The material things we hold onto also help create and maintain the “illusion of self” that substitute for the natural sense-of-self acquired prehistorically via the old way. Alas, no illusion can ever replace the organic reality of the old way. The “illusion of self” — ego — only makes us feel less secure deep down.
Letting go of that to which we cleave would appear to be the obvious solution. However, letting go would amount to virtual suicide; that probably explains why we can’t truly “just let go”, but rather hang on for dear life. Moreover, any apparent letting go is actually a pseudo letting go, where we simply exchange cleaving to ‘this’ for cleaving to ‘that’.
Being fully aware of how things stack up doesn’t mean we can rest easy, let go, and let the world turn. Biology drives us to resolve even the irresolvable. We, or at least I, need an alternative to any futile notions of just letting go or holding out for Enlightenment.
My attempt to record my observations on how things stack up is excessively word heavy, and can end up being just more stuff to cleave to. In addition, more words usually obscure the view and misunderstandings follows. It’s a Catch-22, but what can I do? Well, at least I can save the rest for the next time in a final… Who are You (Part III).
Well, to be honest
I must admit, much of what I write is merely my attempt to remember! How is this different from any other story one remembers? After all, remembering is simply a cognitive “cleaving to” that easily becomes problematic, as Buddha pointed out. Well, that’s easy; remembering is necessary to remember just that. Buddha’s first two steps on the middle path, Right Comprehension and Right Resolution, depend on re-memory.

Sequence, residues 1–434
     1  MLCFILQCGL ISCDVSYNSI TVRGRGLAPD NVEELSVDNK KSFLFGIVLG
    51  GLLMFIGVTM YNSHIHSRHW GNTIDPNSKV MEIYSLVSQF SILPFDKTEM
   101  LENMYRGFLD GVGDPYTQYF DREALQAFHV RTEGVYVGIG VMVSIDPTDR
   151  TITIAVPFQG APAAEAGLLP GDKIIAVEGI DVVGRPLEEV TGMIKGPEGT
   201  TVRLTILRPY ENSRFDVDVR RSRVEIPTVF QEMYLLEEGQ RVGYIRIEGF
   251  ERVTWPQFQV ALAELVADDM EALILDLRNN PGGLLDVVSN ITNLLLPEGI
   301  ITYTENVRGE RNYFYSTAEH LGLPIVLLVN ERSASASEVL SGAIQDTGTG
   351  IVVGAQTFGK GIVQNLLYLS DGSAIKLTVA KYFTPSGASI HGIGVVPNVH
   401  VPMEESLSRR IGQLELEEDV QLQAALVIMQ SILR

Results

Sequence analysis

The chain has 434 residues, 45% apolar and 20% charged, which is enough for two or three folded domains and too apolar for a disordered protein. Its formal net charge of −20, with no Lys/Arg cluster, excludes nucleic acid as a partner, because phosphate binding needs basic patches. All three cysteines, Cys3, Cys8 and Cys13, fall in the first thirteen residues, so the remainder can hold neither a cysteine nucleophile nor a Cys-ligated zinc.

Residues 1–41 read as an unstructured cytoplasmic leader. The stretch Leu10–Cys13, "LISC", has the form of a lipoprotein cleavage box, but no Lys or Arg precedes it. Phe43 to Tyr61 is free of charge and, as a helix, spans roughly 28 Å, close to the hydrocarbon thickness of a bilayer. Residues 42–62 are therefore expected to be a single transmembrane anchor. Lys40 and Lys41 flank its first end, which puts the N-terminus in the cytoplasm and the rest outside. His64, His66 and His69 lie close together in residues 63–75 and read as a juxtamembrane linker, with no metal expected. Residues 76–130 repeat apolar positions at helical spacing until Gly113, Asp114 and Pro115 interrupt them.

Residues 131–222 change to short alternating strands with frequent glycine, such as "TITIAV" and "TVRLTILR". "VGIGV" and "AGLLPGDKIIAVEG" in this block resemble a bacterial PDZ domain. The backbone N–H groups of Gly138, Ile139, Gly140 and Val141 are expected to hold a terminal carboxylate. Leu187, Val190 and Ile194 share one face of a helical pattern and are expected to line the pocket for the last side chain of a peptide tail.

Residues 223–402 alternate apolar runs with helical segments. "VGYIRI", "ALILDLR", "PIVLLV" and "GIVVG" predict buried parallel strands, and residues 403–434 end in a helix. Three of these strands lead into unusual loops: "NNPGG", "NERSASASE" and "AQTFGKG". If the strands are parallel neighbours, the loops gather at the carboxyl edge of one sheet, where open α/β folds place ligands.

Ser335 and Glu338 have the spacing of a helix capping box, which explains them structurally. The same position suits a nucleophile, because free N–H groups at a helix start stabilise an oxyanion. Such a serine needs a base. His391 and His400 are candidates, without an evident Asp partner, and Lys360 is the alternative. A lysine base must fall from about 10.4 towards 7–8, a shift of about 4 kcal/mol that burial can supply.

Not being born and raised a hunter-gatherer, the Taoist story can police itself and help me make mountains back into molehills — if I’m self-honest enough.
(1) With less poverty, there is less need for people to pull together socially. You can see this effect even now in the industrial world. The increased existential tradeoffs following a rising standard of living drives individuals to seek a more personalized quest for spiritual meaning.
As robotics takes over maintaining security and comfort, civilization’s raison d’être can only weaken. There will be much less need to get everyone on the same page, identity wise, to pull together to raise the barn, dig the irrigation canal, fight the barbarian invaders. This can only weaken culture’s need and ability to answer the question, “Who are you?”, and who we should be for the sake of society. Answering that question will be a pressing task in the future… and much more difficult than raising a barn or digging a well. The emotional challenges of spiritual survival will fill the void left by diminishing survival demands on the material plane.
(2) If you are serious about the Taoist worldview, The old way: a story of the first people is worth serious reading and pondering. Again, you can buy a good used copy of this and the earlier The Harmless People on Amazon for a few pennies and cost of shipping! For the deepest experience, The !Kung of Nyae Nyae and Nyae Nyae !Kung Beliefs and Rites are worth every dollar.